D.B. v. Nerenstone (In re D.B.), 21-0790

CourtCourt of Appeals of Iowa
Writing for the CourtSCHUMACHER, JUDGE.
PartiesIN THE INTEREST OF D.B., JR., Minor child, D.B., SR., Father, Appellant, v. MARTI D. NERENSTONE, Guardian ad Litem, Appellant
Docket Number21-0790
Decision Date18 August 2021

IN THE INTEREST OF D.B., JR., Minor child,

D.B., SR., Father, Appellant,
v.

MARTI D. NERENSTONE, Guardian ad Litem, Appellant

No. 21-0790

Court of Appeals of Iowa

August 18, 2021


Appeal from the Iowa District Court for Pottawattamie County, Charles D. Fagen, District Associate Judge.

A father and the guardian ad litem for a minor child appeal the district court's order terminating the father's parental rights.

Roberta J. Megel of State Public Defender's Office, Council Bluffs, for appellant father. Marti D. Nerenstone, Council Bluffs, Guardian ad Litem for appellant minor child.

Thomas J. Miller, Attorney General, and Meredith Lamberti, Assistant Attorney General, for appellee State.

Considered by Bower, C.J., and Vaitheswaran and Schumacher, JJ.

SCHUMACHER, JUDGE.

A father and the guardian ad litem (GAL) for a minor child appeal the district court's order terminating the father's parental rights. There is sufficient evidence in the record to support termination of the father's parental rights. The State engaged in reasonable efforts to reunite the father and child. Termination of the father's parental rights is in the child's best interests. The court properly determined none of the exceptions to termination should be applied. Accordingly, we affirm the decision of the district court.

I. Background Facts & Proceedings

D.B., father, and C.B., mother, are the parents of D.B., who was born in 2009. The family has a long history of involvement with the Iowa Department of Human Services (DHS).[1] The most recent DHS involvement with the family began in April 2019, due to reports the mother was using methamphetamine while caring for the child. The child was removed from the parents' custody on June 14 and placed with the maternal grandmother.[2]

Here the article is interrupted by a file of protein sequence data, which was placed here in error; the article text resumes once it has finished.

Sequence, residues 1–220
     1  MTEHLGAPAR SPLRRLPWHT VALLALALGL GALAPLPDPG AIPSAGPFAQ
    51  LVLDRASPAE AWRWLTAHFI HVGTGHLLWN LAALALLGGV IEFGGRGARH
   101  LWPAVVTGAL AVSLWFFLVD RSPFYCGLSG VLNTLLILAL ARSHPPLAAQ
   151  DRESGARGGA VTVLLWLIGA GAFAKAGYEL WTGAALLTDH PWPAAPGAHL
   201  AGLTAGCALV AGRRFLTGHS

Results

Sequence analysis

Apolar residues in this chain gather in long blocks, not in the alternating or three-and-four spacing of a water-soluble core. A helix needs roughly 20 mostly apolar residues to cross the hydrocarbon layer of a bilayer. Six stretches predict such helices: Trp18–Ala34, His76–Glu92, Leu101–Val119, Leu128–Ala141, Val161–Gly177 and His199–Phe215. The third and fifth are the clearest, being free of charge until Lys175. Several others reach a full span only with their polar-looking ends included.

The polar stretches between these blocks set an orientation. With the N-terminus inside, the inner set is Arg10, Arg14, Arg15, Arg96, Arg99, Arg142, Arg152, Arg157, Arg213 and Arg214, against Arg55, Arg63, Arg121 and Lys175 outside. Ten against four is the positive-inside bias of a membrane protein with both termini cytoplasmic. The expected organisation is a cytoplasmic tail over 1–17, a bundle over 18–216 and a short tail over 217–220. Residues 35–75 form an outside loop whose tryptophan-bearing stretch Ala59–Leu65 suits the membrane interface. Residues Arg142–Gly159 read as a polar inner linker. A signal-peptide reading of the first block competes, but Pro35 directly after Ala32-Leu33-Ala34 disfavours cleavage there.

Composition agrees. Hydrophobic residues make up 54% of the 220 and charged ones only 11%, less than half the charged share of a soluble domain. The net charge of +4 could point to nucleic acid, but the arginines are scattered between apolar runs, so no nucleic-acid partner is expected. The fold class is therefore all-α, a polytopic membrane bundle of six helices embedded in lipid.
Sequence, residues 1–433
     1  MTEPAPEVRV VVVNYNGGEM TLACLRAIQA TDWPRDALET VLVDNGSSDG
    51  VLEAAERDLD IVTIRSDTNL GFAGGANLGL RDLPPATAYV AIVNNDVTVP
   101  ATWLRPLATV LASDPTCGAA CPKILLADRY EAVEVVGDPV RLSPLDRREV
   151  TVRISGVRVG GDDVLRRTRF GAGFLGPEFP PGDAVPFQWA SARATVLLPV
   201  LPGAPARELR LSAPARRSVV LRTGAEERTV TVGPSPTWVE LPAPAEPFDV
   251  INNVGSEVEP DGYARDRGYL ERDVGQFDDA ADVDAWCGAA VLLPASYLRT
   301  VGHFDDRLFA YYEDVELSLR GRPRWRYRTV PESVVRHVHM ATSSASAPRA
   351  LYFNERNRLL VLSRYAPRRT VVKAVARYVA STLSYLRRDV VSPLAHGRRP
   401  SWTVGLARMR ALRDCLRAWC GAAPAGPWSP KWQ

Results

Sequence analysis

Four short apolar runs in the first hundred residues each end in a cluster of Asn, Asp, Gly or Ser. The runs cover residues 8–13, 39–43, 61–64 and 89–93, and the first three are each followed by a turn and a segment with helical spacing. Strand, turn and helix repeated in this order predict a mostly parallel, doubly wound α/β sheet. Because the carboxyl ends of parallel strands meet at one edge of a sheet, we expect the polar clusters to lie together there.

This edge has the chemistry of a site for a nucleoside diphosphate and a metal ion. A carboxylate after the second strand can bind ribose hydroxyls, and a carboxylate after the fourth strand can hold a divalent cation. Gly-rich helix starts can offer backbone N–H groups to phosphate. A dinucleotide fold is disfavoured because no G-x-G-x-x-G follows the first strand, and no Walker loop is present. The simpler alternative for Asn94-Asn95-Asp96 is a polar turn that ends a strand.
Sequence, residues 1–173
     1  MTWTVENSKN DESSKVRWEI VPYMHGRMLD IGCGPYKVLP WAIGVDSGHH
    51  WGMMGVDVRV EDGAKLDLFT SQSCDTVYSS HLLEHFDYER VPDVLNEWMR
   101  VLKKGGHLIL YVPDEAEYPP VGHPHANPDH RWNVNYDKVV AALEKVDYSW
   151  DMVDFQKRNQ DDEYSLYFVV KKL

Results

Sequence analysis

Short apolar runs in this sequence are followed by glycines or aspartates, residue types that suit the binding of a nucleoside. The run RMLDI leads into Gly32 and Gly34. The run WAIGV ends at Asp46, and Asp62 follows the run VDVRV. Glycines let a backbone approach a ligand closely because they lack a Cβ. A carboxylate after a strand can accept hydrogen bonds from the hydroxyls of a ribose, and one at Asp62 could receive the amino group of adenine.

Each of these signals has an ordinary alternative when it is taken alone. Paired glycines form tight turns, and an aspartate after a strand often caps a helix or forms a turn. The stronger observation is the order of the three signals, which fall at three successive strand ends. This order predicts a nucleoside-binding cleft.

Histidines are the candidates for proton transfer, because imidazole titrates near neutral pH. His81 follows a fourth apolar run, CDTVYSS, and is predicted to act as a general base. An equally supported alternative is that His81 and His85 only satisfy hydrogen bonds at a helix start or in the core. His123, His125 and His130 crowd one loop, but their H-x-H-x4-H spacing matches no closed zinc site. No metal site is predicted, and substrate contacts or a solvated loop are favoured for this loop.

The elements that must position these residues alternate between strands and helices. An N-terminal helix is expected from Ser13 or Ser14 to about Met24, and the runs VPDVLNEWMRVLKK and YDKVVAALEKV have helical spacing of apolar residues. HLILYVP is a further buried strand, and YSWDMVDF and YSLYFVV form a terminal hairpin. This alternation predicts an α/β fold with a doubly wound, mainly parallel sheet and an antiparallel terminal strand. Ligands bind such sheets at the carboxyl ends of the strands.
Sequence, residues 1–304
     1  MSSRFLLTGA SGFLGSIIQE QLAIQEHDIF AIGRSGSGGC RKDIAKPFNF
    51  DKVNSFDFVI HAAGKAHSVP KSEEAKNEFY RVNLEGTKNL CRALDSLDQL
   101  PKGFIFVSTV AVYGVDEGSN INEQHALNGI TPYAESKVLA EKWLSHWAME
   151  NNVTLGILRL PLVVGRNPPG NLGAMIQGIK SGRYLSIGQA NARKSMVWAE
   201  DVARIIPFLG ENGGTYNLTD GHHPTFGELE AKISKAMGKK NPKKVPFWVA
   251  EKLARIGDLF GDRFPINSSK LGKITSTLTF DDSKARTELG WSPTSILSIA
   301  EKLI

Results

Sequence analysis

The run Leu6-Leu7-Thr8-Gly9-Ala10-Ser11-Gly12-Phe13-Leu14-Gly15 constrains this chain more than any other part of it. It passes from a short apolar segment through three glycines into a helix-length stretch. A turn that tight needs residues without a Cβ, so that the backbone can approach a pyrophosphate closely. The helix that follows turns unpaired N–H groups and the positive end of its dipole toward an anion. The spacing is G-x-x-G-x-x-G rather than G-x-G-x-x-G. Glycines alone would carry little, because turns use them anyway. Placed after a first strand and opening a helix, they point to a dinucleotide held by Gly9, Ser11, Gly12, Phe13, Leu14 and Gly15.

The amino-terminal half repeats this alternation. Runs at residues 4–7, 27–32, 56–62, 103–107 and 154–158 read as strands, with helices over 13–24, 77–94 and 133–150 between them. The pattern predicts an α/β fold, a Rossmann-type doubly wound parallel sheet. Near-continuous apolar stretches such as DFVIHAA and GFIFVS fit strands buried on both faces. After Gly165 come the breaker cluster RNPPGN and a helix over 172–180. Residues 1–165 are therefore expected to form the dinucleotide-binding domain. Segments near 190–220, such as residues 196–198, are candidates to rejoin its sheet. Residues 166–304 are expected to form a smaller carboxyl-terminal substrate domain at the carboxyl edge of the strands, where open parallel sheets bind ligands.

On September 20, the child was adjudicated to be in need of assistance (CINA), pursuant to Iowa Code section 232.2(6)(c)(2) and (n) (2019). The father was ordered to complete substance-abuse and mental-health evaluations and follow all recommendations. The father did not remain in contact with DHS or participate in services. He did not attend court hearings.

The maternal grandmother reported that the father contacted her regarding visits, but she refused and referred him to DHS. The father contacted DHS on June 24, 2020. When a social worker attempted to contact him at the telephone number he provided, the number was out of service. A DHS worker talked to the father in August and he declined to participate in any services.

On November 16, the State filed a petition seeking to terminate the father's parental rights.[3] The termination hearing was held on February 23, 2021. The child was in shelter care due to behavioral problems. The court appointed special advocate (CASA) testified the child was on an emotional roller coaster with the father because the father would engage with him and bring him gifts, then let him down. The CASA testified concerning stability and consistency for D.M. if the father's rights were terminated. A DHS worker testified the child could not be placed with the father because there was insufficient information concerning the father's stability and parenting abilities.